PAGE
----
CriticaLink | Aristotle: Poetics | Guide to Book VII

The Plot
The precision with which Aristotle conducts his analysis of tragic drama is at times almost amusing. In this chapter, he repeats part of his definition of tragedy, that it is "an imitation of an action that is complete, and whole, and of a certain magnitude" (52), and goes on to define exactly what he means by "whole." A whole has a beginning, a middle, and an end. A beginning is something that is not caused by something else and from which something follows. A middle follows something and is followed by something. An end follows something and is not followed by anything.

While these statements may seem patently obvious, they illustrate the theoretical rigor of Aristotle's approach. A plot cannot begin just anywhere; the opening of tragedy must represent the factors that initiate the chain of events that leads irrevocably to the conclusion.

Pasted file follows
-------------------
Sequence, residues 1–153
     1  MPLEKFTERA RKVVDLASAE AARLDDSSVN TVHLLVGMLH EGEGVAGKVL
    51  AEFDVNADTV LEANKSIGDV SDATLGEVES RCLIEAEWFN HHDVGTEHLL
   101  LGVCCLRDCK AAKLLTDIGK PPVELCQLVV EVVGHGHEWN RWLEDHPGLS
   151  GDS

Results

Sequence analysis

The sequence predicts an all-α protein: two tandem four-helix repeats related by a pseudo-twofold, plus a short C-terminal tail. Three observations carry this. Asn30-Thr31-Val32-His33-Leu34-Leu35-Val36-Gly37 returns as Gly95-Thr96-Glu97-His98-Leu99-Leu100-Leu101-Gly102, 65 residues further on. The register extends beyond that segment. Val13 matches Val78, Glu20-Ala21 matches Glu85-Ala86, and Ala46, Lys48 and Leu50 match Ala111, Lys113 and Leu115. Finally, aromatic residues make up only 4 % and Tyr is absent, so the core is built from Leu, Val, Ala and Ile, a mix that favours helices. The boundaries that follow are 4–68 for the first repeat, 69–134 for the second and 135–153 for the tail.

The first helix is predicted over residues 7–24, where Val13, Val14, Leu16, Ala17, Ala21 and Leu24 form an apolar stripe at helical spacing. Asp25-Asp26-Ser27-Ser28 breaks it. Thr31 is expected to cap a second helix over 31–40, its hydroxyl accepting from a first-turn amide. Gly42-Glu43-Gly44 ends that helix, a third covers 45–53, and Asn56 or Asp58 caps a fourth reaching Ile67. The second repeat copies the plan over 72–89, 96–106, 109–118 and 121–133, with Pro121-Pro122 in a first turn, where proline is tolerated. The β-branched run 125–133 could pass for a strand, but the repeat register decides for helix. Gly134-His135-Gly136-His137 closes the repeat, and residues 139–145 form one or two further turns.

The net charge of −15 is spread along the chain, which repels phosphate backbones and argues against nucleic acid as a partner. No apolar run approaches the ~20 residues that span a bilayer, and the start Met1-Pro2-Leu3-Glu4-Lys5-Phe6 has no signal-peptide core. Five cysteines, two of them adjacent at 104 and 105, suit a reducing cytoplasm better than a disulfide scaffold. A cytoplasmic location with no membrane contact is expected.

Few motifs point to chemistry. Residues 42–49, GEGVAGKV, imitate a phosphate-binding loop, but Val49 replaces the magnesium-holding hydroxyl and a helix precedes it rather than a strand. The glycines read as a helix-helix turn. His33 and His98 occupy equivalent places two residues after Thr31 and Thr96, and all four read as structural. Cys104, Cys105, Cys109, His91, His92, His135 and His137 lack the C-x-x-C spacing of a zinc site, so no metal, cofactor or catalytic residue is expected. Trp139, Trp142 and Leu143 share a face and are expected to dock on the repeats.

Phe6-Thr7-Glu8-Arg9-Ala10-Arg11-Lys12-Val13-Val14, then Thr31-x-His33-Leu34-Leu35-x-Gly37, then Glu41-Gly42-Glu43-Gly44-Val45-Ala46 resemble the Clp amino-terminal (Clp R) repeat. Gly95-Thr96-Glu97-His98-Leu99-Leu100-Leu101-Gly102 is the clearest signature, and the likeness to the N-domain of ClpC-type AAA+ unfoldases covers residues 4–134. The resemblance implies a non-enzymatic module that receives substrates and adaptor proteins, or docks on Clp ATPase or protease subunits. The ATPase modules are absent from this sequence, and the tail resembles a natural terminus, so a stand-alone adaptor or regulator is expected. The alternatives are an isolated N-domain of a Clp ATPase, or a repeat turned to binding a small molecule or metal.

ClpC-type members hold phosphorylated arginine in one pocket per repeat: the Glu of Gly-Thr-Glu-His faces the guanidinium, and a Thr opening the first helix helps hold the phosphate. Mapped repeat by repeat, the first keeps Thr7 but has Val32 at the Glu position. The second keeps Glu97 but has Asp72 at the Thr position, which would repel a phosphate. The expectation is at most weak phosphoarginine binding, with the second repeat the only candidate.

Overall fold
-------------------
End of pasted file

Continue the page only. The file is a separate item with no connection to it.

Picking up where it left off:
By "magnitude" Aristotle means something like "proportionality." The audience must be able to grasp the whole of the plot with relative ease. If the play is too short, we lose a sense of development; if it is too long, we lose track of what is happening and our appreciation of the story is impaired.

The rule that the duration of the events represented in a tragedy should encompass not much more than a single day–a rule that became hard and fast for some later theorists of tragedy such as the French Neo-Classicists–appears in Aristotle as more of a suggestion, a "rule of thumb." In fact, Aristotle seems to reject any rigid application of time parameters as he concludes this chapter. A play should last, he tells us, as long as it needs to in order to represent a reversal of fortune: a change from good to bad or from bad to good.